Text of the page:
Picks and Pans Review: Mr. Halpern & Mr. Johnson
updated 08/29/1983 AT 01:00 AM EDT
•originally published 08/29/1983 AT 01:00 AM EDT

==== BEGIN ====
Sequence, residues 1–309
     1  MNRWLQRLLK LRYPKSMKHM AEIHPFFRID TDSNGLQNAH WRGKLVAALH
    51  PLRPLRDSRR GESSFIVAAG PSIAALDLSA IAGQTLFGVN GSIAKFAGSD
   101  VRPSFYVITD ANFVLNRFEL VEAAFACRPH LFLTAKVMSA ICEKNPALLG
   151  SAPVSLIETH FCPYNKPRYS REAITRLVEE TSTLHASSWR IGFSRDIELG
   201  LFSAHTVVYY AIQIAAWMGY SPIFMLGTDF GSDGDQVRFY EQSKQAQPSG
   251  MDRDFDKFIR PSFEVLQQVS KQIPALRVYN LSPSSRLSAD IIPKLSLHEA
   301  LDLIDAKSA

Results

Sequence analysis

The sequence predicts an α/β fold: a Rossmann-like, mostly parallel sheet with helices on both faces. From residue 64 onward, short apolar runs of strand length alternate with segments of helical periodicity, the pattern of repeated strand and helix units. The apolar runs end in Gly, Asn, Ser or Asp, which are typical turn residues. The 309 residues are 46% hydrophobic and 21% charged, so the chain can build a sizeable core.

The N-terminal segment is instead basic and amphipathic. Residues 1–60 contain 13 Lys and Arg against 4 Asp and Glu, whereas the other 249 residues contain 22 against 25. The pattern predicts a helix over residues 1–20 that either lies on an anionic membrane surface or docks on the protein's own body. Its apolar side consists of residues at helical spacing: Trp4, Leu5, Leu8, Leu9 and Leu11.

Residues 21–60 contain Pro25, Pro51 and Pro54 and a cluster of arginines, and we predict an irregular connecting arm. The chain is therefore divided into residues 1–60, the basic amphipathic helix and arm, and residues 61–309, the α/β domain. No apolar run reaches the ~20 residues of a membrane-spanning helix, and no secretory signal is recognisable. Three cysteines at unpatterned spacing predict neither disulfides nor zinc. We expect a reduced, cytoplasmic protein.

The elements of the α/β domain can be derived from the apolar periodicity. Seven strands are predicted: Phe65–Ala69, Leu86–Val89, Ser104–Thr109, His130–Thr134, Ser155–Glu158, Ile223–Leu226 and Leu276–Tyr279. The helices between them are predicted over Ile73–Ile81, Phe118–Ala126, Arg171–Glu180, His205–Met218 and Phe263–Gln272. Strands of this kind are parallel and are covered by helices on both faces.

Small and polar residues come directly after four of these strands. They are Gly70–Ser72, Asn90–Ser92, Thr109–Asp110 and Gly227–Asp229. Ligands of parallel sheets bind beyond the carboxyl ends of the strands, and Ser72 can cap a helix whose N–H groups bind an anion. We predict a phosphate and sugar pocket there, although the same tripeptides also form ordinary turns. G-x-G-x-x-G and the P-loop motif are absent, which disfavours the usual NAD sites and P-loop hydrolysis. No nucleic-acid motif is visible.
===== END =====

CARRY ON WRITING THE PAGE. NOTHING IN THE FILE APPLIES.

Laurence Olivier is Mr. Halpern, a grief-stricken English Jew mourning the death of his wife, Florence. Jackie Gleason is Mr. Johnson, a dapper stranger who turns up at her funeral bearing a pink carnation, introducing himself to Olivier as merely an "old friend." Weeks later over drinks, Gleason reveals to a stunned Olivier that he had maintained a liaison with Florence for the past 46 years. Much to their surprise, each paints a strikingly different portrait of the woman. To Olivier she was a gossipy housewife, uninterested in the matters of the world. To Gleason she was a warm, vital woman who could embrace opera and world politics in an afternoon's conversation. By evening's end the two men have formed a curious bond, brought together by a woman neither seems to have totally understood. Since much of this two-character story is talk, lesser actors might have made a less intriguing hour. But an understated Gleason is surprisingly effective as Johnson. (He's probably thrilled not to be chasing Burt Reynolds.) And Olivier is, well, Olivier. Good company, indeed.